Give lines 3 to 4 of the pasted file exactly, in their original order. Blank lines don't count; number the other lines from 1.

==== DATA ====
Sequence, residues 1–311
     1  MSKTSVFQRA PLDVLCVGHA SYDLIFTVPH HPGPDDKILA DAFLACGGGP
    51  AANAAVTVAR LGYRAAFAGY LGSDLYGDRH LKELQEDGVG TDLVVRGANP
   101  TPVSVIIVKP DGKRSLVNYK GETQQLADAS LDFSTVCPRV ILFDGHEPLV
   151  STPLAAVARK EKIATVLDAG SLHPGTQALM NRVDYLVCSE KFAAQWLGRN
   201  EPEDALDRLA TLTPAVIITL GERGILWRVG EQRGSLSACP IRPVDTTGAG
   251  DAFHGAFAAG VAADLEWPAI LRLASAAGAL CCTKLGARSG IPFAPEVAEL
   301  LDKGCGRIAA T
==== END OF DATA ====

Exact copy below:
    51  AANAAVTVAR LGYRAAFAGY LGSDLYGDRH LKELQEDGVG TDLVVRGANP
   101  TPVSVIIVKP DGKRSLVNYK GETQQLADAS LDFSTVCPRV ILFDGHEPLV